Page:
Idaho deed forms transfer property between sellers and buyers. Different types of transfers require separate Idaho property deeds, including:
- Idaho Warranty Deed
- Idaho Quit Claim Deed
- Idaho Special Warranty Deed
- Idaho Deed of Trust
By understanding when to use each form, one can create an official notice about who owns a property and whether its interest gets transferred.
An Idaho general warranty deed guarantees that the seller has the title, interest, and right to the property, meaning they can legally sell the property to a buyer.
The Idaho warranty deed proves that real estate belongs to the seller and is free from claims and liens that could prevent one from buying it.
An Idaho quitclaim deed does not guarantee that a seller has the legal authority to sell a property. Instead, it says that the seller must sell their interest to the buyer.
Generally, an Idaho quit claim deed is an informal arrangement because it conveys minimal official information. If someone you aren’t related to offers a quitclaim deed form, you should go to the county recorder’s office and perform a title search.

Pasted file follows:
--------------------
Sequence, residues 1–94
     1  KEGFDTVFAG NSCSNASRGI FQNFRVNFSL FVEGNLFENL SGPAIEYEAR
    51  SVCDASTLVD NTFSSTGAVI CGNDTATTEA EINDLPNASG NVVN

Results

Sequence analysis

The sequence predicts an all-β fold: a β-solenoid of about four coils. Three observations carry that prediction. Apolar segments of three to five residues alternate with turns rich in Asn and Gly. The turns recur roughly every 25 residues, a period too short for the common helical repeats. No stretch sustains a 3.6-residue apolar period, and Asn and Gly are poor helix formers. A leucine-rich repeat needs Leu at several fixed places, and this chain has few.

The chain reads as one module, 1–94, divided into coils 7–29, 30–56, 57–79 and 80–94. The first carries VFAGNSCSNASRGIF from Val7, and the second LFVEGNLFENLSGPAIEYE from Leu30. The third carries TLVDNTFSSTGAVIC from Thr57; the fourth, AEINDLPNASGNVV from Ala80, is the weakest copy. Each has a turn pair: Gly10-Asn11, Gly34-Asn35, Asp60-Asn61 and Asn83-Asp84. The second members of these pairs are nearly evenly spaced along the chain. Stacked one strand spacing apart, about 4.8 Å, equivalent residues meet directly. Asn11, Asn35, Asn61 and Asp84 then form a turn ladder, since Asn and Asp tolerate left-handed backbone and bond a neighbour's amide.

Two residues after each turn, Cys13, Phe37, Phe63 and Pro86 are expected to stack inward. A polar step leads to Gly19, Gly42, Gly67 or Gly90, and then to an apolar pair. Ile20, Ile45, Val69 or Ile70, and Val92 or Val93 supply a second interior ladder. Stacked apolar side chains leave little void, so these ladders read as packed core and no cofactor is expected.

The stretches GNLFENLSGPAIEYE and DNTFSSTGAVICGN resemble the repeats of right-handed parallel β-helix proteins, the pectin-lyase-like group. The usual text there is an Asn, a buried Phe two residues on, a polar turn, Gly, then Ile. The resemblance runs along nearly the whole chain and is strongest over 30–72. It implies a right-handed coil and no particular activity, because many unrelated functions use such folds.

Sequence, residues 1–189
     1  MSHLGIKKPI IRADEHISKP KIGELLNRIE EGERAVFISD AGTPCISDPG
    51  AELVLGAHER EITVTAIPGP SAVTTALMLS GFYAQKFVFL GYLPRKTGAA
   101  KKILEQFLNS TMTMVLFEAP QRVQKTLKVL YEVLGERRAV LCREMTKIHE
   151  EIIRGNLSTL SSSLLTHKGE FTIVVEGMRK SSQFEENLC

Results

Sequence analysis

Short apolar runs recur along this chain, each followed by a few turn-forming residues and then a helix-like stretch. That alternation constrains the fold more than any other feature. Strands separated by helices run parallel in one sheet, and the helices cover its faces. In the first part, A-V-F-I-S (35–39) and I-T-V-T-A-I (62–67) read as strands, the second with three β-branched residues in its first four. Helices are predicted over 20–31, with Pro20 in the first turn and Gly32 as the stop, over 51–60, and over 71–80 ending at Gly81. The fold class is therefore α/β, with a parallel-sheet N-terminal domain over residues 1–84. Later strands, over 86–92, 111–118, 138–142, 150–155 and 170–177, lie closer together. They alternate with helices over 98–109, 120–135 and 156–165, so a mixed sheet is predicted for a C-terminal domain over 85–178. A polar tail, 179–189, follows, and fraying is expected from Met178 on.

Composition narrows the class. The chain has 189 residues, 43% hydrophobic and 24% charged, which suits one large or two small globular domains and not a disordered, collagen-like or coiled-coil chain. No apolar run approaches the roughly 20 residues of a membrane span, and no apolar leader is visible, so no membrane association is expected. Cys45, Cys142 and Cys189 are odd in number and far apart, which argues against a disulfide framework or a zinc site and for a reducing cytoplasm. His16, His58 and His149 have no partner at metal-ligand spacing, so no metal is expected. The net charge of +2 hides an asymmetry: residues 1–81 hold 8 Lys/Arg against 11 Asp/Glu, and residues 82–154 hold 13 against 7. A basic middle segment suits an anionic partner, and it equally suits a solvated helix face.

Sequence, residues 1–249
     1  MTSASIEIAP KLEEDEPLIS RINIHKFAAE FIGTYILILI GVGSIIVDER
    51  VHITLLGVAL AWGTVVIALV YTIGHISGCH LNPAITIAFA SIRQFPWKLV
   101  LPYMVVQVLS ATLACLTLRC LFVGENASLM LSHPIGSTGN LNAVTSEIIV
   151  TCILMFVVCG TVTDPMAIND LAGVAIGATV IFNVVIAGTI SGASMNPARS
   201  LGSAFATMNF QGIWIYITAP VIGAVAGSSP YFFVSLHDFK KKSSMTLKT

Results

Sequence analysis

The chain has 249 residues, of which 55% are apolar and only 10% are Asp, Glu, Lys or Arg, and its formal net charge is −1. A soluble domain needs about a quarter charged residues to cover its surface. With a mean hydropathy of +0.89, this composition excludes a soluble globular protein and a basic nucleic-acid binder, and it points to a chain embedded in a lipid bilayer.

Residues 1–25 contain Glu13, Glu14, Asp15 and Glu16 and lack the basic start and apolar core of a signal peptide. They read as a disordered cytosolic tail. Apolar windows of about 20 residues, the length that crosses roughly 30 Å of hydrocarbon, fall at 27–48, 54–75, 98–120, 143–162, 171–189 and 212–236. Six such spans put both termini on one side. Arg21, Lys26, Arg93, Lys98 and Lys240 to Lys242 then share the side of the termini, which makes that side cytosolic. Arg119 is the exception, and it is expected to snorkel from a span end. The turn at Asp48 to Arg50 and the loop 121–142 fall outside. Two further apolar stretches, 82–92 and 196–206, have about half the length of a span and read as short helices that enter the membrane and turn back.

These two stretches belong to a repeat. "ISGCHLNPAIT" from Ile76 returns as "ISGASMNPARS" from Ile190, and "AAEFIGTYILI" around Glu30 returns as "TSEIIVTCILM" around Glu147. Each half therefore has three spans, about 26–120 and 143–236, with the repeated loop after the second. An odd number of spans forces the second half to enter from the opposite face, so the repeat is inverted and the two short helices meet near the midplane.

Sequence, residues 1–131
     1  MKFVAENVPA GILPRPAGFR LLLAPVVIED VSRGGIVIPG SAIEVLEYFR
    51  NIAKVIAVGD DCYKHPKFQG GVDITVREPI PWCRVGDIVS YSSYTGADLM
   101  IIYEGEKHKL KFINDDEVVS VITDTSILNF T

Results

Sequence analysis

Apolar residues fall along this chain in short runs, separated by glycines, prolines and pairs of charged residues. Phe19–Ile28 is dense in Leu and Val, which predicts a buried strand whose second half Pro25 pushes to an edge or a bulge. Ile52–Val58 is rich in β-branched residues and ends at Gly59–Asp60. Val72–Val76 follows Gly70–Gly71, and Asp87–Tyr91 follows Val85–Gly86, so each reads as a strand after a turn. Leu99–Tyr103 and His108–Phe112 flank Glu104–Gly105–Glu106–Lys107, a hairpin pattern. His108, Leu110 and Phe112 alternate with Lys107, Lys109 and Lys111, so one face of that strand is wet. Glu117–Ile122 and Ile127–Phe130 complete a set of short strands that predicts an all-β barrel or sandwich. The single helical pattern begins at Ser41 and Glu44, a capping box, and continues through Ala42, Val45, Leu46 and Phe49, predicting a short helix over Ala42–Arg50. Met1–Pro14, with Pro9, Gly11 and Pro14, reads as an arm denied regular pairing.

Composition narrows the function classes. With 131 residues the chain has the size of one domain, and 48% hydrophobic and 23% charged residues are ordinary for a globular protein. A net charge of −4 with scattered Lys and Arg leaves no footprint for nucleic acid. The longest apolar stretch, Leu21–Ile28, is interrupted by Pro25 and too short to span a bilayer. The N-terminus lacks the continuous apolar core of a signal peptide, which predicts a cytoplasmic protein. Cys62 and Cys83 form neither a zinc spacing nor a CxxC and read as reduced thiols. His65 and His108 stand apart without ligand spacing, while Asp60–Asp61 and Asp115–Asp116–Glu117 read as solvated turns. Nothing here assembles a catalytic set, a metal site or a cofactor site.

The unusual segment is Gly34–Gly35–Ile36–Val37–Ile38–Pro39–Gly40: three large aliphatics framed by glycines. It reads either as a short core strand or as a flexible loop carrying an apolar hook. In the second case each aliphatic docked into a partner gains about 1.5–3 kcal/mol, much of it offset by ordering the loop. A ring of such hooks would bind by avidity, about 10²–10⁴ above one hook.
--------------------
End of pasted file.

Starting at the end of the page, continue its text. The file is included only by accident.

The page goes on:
An Idaho special warranty deed lands between warranty and quitclaim. The seller guarantees that they did not transfer interest to someone else because of their ownership. However, they do not prove that there wasn’t a transfer from people who owned it before them.
Unless you are presented with an Idaho special warranty deed form by a trusted family member, you should conduct a title search to learn more about the property.
An Idaho deed of trust records mortgage interest. The property cannot be sold without paying off the loan by registering this information at the county recorder’s office. A deed of trust gives notice to future buyers and lenders that the property has a preexisting mortgage.
Here are some FAQs concerning Idaho property deed forms.